As Jesus passed through the streets of Capernaum, two blind men followed Him, crying out, “Thou Son of David, have mercy on us.” Then He spoke to them, asking, “Believe ye that I am able to do this?” And they replied, “Yea, Lord.”

The evidence of their belief that the Lord could help them was in their persistence in following Him and in their prompt and open confession of that belief when asked. The Savior touched their eyes, saying, “According to your faith be it unto you.” The effect was immediate: “their eyes were opened” (Matthew 9:27–31).

Elder McConkie observed: “Frequently in opening the eyes of the blind, Jesus, as here, coupled his spoken command with some physical act. On this and other occasions he touched the sightless eyes.”

Why did the Savior do that? “None of these unusual … acts are essential to the exercise of healing power,” explained Elder McConkie. But we know that faith precedes miracles, and so “the Master’s apparent purpose was to strengthen the faith of the blind or deaf person.”5

4. Miracles Sometimes Come Line upon Line

In Bethsaida, the people brought a blind man to Jesus. After leading the man out of the town, Jesus “spit on his eyes, and put his hands upon him.” The man’s sight was only partially restored at this point, and so the Savior “put his hands again upon his eyes,”bringing about a full restoration. (See Mark 8:22–26.)

Elder McConkie pointed out truths we can learn from this event:

“It would appear that the successive instances of physical contact with Jesus had the effect of adding hope, assurance, and faith to the sightless one.

“… Men should seek the Lord’s healing grace with all their strength and faith, though such is sufficient for a partial cure only. …They may then gain the added assurance and faith to be made whole and well every whit. Men also are often healed of their spiritual maladies by degrees, step by step as they get their lives in harmony with the plans and purposes of Deity.”6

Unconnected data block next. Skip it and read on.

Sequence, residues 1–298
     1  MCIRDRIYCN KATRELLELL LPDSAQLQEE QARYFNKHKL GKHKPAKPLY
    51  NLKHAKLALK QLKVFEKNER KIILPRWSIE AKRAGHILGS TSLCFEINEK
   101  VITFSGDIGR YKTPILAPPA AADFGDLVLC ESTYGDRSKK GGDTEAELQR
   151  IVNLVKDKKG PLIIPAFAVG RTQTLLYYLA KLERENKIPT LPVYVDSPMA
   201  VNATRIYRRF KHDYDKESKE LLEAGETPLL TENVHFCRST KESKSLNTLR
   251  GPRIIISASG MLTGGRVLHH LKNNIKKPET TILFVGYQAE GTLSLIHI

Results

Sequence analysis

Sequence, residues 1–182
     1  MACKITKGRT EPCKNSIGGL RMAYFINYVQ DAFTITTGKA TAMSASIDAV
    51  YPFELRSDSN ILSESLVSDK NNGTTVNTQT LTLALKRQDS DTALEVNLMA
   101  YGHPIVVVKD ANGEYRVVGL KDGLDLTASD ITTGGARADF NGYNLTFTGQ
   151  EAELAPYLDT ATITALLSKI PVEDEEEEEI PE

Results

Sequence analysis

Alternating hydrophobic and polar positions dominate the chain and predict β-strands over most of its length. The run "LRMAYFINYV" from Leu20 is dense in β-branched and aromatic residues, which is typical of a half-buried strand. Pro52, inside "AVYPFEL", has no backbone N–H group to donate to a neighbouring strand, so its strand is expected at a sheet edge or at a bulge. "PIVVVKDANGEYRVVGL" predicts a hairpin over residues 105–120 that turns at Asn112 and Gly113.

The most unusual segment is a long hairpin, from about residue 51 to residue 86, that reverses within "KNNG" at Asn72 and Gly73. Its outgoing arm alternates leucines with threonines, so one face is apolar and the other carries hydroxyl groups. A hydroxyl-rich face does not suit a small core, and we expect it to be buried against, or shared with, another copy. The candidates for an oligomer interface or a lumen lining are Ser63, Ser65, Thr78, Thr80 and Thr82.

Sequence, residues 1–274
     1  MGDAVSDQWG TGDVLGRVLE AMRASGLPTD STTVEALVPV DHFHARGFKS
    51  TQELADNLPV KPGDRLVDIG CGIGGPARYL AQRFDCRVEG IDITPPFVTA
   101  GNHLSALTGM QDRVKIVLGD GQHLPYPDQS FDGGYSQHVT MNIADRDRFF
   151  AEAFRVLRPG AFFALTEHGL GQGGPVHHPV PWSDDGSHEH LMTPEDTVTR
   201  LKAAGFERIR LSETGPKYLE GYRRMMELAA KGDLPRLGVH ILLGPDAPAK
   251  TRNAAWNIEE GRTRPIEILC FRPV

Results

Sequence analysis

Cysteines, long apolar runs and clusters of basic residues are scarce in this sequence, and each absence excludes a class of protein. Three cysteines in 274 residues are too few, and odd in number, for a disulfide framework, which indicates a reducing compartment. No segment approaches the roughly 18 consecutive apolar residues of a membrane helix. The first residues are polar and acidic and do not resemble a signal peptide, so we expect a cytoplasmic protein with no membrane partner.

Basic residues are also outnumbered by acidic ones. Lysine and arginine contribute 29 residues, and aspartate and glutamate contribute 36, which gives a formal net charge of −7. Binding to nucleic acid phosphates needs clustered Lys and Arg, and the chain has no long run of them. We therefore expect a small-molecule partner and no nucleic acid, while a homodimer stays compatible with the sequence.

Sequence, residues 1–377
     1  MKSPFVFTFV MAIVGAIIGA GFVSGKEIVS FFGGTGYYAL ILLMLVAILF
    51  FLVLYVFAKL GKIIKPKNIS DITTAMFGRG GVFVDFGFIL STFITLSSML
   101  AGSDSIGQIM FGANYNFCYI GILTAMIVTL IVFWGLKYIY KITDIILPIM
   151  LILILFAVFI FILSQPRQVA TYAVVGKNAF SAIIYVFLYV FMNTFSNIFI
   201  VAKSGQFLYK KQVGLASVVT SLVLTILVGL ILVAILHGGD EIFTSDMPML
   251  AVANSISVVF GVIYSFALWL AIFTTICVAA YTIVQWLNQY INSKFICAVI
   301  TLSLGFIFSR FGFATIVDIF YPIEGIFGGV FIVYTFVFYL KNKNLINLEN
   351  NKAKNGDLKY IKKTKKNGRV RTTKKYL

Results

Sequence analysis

By performing this miracle in two distinct steps, the Lord helped the blind man to get prepared to receive the full blessing. Can we see this pattern also in our own search for miracles—something that we need to do, or not do, before being ready for a higher intervention?

Faith Not to Be Healed

Although we can see the importance of faith to accomplish miracles, it is important to notice that sometimes even the most faithful Saints will not have their wishes and supplications answered.

Elder David A. Bednar of the Quorum of the Twelve Apostles taught us:

“Righteousness and faith certainly are instrumental in moving mountains—if moving mountains accomplishes God’s purposes and is in accordance with His will. Righteousness and faith certainly are instrumental in healing the sick, deaf, and lame—if such healing accomplishes God’s purposes and is in accordance with His will. Thus, even if we have strong faith, many mountains will not be moved. And not all of the sick and infirm will be healed. If all opposition were curtailed, if all maladies were removed, then the primary purposes of the Father’s plan would be frustrated.

“Many of the lessons we are to learn in mortality can be received only through the things we experience and sometimes suffer. And God expects and trusts us to face temporary mortal adversity with His help so we can learn what we need to learn and ultimately become what we are to become in eternity.”7

I want to add my testimony to the testimonies of prophets ancient and modern. Miracles are still happening in our midst. The Savior Jesus Christ is the source of all power, light, and relief. I testify that through our faith in Him, we can be healed, and in case we are not healed, we may still find peace through the Prince of Peace, the Light of the World, and the Healer of Healers.

Discover More

You can find more articles like this in the July 2023 Liahona.


1. See Bible Dictionary, “Miracles.”
2.nullRonald A. Rasband, “Behold! I Am a God of Miracles,” Liahona, May 2021, 109, 110.
3.nullSee Bruce R. McConkie, Doctrinal New Testament Commentary (1973), 1:320.
4.nullBruce R. McConkie, Doctrinal New Testament Commentary, 1:481.
5.nullSee Bruce R. McConkie, Doctrinal New Testament Commentary, 1:320.
6.nullBruce R. McConkie, Doctrinal New Testament Commentary, 1:379–80.
7.nullDavid A. Bednar, “Accepting the Lord’s Will and Timing,” Liahona, Aug. 2016, 22.

Elder Carlos A. Godoy
Of the Seventy